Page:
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Why is there still workplace bullying in teaching?

Workplace bullying is driving teachers out of the classroom for good – we must trade toxic environments for supportive ones

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Workplace bullying is driving teachers out of the classroom for good – we must trade toxic environments for supportive ones

My PGCE tutor told me that relationships are the most important part of the job: everything hangs on how teachers socialise with their students and our colleagues.

In the classroom, a teacher can plan a great lesson with tons of scaffolding and assessment for learning and be up to their neck in dedicated improvement and reflection time (DIRT), but if the relationship with their class is poor then learning will suffer. Similarly, if we cannot maintain positive working relationships with other staff, the quality of teaching and learning will also decrease, because we need each other for support.

None of the above is news, and yet, as a profession we’re still struggling to get it right. One glance at the Tes forums or articles will offer tales of workplace bullying, of informal “support” plans and of staff being forced out of their teaching post by any means necessary. We tell our students to be kind to others but forget this applies to ourselves. In the end, staff leave – often jumping before they are pushed – with a settlement agreement that provides a good reference in return for never speaking about the issues that led to it. A culture of silence, of “like it or lump it” pervades, especially for teachers of non-shortage subjects that are unable to escape to another job so easily.

How has teaching become so toxic? When I was a student, part of what attracted me to the profession was the teamwork. There was a sense of belonging which does still seem to exist in many schools, but only on the surface – once something goes wrong, the knives are out.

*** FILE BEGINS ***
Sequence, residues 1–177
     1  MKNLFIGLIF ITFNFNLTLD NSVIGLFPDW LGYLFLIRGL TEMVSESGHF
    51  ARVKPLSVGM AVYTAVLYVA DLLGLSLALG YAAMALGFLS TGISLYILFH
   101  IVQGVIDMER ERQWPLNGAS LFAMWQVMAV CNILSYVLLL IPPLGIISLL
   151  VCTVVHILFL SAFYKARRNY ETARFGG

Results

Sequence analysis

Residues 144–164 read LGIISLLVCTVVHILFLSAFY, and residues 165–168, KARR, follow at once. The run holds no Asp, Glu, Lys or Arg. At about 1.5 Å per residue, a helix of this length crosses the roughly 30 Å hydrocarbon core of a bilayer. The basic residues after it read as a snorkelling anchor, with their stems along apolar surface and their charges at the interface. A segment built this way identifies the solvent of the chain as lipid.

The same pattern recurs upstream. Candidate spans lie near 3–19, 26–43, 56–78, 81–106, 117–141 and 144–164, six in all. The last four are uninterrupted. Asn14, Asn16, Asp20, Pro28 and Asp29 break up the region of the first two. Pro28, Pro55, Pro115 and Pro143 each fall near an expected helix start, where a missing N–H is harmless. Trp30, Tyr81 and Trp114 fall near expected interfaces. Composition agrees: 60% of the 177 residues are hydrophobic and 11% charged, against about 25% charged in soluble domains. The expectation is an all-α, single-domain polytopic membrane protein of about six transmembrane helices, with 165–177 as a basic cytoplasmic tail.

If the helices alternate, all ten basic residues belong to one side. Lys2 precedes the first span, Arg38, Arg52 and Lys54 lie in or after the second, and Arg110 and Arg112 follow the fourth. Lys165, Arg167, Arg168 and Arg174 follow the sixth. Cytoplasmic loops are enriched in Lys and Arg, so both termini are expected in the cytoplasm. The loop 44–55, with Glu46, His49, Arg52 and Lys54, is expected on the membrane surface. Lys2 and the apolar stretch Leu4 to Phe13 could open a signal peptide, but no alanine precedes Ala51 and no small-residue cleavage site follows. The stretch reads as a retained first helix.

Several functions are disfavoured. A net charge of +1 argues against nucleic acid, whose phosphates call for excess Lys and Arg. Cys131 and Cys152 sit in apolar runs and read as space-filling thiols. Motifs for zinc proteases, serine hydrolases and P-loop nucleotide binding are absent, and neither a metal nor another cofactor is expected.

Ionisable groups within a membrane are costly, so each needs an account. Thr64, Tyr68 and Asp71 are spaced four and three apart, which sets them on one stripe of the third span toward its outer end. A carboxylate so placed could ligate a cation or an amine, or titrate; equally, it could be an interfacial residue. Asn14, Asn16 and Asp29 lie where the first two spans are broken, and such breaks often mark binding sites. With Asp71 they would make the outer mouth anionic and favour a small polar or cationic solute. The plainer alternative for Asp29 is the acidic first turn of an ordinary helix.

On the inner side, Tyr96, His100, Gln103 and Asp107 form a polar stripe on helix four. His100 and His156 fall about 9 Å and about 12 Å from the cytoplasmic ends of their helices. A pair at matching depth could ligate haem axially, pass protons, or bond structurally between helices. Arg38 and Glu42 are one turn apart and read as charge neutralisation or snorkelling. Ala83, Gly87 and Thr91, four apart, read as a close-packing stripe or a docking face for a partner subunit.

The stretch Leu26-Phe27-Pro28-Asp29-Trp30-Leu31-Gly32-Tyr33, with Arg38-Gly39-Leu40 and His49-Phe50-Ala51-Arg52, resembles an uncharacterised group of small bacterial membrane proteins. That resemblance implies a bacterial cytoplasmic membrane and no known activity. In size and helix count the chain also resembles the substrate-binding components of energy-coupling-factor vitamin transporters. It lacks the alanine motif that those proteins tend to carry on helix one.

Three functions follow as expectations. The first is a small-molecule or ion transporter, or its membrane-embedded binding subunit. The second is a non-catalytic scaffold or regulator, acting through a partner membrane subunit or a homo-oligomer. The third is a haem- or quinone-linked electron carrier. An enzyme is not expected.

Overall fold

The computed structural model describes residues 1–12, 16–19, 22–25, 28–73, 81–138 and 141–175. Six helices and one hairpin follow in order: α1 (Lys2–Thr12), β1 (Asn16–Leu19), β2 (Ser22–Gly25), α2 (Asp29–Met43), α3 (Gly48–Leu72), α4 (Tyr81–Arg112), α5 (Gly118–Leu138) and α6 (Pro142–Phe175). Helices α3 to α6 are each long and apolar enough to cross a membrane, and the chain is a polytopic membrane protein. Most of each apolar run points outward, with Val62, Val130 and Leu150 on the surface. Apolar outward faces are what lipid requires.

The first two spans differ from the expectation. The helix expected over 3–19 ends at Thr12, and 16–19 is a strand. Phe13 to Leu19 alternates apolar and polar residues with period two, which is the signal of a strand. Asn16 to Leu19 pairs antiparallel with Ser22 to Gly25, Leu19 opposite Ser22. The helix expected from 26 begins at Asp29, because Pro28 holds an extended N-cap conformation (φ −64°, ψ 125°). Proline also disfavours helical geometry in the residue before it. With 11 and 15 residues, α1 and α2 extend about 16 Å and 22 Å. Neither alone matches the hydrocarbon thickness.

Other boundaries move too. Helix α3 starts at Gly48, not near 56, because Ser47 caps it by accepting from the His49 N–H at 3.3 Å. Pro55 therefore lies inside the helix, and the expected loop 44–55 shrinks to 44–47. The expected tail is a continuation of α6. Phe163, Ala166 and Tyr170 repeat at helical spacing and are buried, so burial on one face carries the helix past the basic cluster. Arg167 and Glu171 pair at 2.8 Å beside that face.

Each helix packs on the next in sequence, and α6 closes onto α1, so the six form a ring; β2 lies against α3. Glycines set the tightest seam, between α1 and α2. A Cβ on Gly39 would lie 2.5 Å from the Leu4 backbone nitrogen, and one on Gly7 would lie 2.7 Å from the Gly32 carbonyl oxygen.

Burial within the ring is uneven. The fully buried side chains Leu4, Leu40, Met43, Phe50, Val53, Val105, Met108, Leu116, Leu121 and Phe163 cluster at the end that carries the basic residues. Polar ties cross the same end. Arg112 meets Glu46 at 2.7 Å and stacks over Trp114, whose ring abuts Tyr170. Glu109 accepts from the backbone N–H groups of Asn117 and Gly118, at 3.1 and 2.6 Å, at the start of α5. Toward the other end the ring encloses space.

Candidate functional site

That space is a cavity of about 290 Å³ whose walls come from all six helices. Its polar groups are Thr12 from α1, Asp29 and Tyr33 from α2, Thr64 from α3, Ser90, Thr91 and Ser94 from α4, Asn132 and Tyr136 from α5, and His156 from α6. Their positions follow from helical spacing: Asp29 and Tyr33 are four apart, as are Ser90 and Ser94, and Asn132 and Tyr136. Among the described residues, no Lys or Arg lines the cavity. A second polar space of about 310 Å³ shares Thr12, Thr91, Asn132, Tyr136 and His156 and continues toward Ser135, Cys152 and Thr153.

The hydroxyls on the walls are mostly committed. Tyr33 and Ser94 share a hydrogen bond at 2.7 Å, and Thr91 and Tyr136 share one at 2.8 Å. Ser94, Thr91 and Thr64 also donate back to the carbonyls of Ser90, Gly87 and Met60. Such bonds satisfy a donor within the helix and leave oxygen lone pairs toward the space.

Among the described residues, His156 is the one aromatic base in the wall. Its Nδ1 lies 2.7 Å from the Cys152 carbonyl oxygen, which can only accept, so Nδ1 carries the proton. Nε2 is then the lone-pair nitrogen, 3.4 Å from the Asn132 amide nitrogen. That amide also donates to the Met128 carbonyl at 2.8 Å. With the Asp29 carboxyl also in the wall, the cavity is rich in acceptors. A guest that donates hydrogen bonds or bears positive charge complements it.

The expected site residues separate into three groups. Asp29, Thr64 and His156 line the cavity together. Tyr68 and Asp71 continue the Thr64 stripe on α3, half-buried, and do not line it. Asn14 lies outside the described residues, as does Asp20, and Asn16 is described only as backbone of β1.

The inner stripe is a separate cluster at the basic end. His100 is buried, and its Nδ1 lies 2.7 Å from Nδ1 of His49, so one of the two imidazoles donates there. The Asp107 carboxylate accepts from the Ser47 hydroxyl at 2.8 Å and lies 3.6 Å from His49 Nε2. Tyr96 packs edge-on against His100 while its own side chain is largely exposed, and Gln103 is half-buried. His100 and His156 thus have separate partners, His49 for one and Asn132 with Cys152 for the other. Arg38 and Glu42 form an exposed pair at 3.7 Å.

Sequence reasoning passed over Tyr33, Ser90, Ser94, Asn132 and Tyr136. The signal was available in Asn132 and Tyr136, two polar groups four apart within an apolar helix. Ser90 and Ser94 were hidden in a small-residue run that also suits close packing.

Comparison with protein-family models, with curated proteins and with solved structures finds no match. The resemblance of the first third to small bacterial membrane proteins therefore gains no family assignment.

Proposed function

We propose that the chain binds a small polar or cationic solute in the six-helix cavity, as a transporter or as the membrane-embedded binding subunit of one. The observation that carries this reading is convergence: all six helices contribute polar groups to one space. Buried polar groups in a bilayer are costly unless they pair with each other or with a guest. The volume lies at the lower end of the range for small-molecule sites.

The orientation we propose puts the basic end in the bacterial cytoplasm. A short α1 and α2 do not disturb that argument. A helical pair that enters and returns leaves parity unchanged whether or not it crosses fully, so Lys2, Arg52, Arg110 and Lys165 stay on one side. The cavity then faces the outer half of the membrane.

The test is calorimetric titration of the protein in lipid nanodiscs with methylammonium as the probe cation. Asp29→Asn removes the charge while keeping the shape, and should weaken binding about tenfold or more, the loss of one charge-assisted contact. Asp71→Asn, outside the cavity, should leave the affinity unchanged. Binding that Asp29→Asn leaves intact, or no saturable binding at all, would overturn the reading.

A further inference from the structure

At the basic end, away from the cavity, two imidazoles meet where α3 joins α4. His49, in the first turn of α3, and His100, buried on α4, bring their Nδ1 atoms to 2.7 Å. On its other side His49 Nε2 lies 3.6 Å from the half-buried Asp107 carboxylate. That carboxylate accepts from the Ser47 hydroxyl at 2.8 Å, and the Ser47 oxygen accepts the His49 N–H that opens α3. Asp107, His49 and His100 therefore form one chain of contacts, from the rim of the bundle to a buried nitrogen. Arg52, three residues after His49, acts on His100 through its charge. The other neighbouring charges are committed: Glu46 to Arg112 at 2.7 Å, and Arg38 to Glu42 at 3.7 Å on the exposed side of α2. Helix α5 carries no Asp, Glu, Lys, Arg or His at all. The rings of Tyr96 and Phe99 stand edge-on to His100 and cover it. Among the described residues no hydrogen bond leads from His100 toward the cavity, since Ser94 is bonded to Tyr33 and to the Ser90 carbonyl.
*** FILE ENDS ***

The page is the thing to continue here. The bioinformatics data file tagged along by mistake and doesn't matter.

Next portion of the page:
I was once in a school on a supply contract, which was going well until I was told by another member of staff that my line manager was unhappy about a recent observation. The thing is, the observation had never taken place. No one seemed to know why this had happened, and no action was taken. I raised the issue with our union rep, my line manager set the record straight and we moved on. Weeks later, my contract was not renewed. The head assured me that they personally had seen good things, but that they had to take the line manager’s word over that. It was a very established department and we never really bonded, but we had never been at odds either. Whatever problems that existed with my teaching were never raised or discussed with me with the intention of making improvements.

As an outsider, you might be forgiven for thinking all schools are filled with psychopaths and narcissists – though I’m sure this is sometimes the case, in my experience, it has never been that simple.

The pressure is hitting us all and is filtered down from SLT to middle managers to class teachers. Everyone is scared to admit they are struggling, lest they be the new target. Instead of a team working together, we are trying to keep under the radar and hope "the other colleague" will be picked up on for their mistakes so that ours will go unnoticed. Middle managers are dipping into lessons and flagging issues up, but much of the time it feels as if it is paying lip service to SLT. Of course we need to be observing what goes on in the classroom and of course we should be acting on any concerns, but this need to document and escalate sometimes has no real intention of being supportive.